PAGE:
Thursday, 11 March 2010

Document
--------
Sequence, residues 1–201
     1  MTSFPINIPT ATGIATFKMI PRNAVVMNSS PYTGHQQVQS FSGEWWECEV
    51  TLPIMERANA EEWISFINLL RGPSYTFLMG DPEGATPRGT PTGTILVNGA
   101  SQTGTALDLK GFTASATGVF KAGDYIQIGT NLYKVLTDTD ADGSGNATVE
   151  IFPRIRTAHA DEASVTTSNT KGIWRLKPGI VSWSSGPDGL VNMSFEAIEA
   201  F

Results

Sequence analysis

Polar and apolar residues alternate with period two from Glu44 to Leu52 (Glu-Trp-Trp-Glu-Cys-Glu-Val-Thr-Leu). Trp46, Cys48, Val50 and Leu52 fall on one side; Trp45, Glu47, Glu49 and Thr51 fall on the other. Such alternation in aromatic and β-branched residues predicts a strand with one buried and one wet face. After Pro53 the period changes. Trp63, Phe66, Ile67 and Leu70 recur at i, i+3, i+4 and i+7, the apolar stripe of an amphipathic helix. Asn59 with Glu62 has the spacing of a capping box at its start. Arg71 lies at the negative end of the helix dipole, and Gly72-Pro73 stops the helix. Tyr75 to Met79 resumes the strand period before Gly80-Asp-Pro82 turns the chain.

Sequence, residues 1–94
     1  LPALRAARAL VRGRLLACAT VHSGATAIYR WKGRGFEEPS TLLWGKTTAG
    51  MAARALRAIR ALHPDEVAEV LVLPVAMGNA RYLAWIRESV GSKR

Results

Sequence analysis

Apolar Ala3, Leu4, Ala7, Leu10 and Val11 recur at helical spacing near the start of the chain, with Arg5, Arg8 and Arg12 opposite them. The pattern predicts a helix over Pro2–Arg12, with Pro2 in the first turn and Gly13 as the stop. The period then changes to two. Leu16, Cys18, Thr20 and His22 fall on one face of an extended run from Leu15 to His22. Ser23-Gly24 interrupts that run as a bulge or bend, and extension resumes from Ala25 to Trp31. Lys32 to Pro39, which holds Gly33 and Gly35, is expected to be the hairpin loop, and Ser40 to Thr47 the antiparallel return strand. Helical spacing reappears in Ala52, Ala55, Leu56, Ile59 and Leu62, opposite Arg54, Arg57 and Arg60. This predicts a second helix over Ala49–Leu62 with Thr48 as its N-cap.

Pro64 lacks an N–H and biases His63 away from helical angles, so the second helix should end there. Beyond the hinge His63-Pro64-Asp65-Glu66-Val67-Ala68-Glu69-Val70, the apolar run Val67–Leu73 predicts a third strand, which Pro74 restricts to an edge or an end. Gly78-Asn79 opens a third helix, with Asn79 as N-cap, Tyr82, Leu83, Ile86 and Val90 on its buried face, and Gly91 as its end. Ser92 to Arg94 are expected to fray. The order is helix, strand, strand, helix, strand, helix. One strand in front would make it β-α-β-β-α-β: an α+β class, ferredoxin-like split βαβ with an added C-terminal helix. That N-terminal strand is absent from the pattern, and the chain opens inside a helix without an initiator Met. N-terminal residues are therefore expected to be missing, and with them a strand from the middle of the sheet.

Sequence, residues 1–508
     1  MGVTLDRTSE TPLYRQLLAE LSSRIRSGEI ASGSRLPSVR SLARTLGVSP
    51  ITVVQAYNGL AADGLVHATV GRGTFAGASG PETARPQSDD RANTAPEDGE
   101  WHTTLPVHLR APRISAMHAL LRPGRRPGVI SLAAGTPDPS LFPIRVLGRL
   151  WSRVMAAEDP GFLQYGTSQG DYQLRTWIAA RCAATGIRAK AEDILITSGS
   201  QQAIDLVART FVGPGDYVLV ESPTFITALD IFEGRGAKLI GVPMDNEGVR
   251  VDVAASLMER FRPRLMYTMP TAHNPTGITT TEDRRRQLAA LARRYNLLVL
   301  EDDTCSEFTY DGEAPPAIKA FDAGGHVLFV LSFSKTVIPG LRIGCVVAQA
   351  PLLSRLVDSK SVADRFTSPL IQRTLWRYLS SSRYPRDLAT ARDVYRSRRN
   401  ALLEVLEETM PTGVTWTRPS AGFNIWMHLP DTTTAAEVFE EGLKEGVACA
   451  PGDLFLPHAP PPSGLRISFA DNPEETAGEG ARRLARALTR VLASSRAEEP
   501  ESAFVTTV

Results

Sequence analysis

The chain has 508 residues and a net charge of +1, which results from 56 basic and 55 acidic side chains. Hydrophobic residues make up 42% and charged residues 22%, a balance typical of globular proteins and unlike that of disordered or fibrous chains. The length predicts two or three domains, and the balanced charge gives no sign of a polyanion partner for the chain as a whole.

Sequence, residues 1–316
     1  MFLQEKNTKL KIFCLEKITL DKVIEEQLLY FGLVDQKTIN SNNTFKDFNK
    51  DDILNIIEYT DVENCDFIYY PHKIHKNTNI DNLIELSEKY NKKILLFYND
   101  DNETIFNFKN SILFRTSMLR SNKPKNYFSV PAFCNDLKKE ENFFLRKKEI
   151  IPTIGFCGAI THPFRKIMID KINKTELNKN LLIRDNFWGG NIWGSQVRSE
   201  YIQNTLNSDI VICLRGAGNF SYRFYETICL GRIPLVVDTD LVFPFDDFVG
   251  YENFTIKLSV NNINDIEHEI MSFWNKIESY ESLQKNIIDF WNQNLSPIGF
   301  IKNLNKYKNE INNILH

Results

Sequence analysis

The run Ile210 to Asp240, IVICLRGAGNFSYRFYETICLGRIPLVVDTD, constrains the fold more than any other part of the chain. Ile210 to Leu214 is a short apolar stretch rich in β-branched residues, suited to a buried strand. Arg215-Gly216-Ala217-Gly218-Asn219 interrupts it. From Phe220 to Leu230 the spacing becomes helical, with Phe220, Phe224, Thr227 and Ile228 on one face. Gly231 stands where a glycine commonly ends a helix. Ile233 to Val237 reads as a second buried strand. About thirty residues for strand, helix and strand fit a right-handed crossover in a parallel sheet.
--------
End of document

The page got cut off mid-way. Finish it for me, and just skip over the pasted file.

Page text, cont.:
The latest issue of The Economist is leading on a topic related to the last posting, what they term "gendercide", meaning by this the problem of abortion of female fetuses in many countries of the world and especially in China and India. This general phenomena is based, as the leader article correctly argues, on a confluence between tradition and modernity since the traditional preference for boys is reinforced by the rise of technologies that enable the status of the fetus to be understood well before birth. The result: skewed sex ratios that are producing increasing numbers of males and decreasing numbers of females, something that is not only in itself problematic but has many troubling consequences. The key point made in the leader article is: "all countries need to raise the value of girls". As is stated in its argument one central way this can be accomplished is by means of encouragement of female education so that the economic thinking behind the attack on females can be combatted. Certainly the placing of value on girls in a world-wide way is one of the central questions of current global justice.